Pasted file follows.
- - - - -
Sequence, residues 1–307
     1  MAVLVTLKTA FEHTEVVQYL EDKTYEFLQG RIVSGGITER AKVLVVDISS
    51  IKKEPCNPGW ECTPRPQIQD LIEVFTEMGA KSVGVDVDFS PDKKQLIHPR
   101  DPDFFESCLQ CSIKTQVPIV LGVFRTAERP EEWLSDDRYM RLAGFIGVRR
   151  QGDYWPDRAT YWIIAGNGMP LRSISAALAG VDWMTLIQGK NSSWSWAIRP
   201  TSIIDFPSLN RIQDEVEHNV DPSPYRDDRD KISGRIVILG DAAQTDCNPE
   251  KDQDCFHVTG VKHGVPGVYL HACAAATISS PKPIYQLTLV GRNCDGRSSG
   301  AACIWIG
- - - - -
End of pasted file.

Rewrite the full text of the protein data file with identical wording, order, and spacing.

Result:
Sequence, residues 1–307
     1  MAVLVTLKTA FEHTEVVQYL EDKTYEFLQG RIVSGGITER AKVLVVDISS
    51  IKKEPCNPGW ECTPRPQIQD LIEVFTEMGA KSVGVDVDFS PDKKQLIHPR
   101  DPDFFESCLQ CSIKTQVPIV LGVFRTAERP EEWLSDDRYM RLAGFIGVRR
   151  QGDYWPDRAT YWIIAGNGMP LRSISAALAG VDWMTLIQGK NSSWSWAIRP
   201  TSIIDFPSLN RIQDEVEHNV DPSPYRDDRD KISGRIVILG DAAQTDCNPE
   251  KDQDCFHVTG VKHGVPGVYL HACAAATISS PKPIYQLTLV GRNCDGRSSG
   301  AACIWIG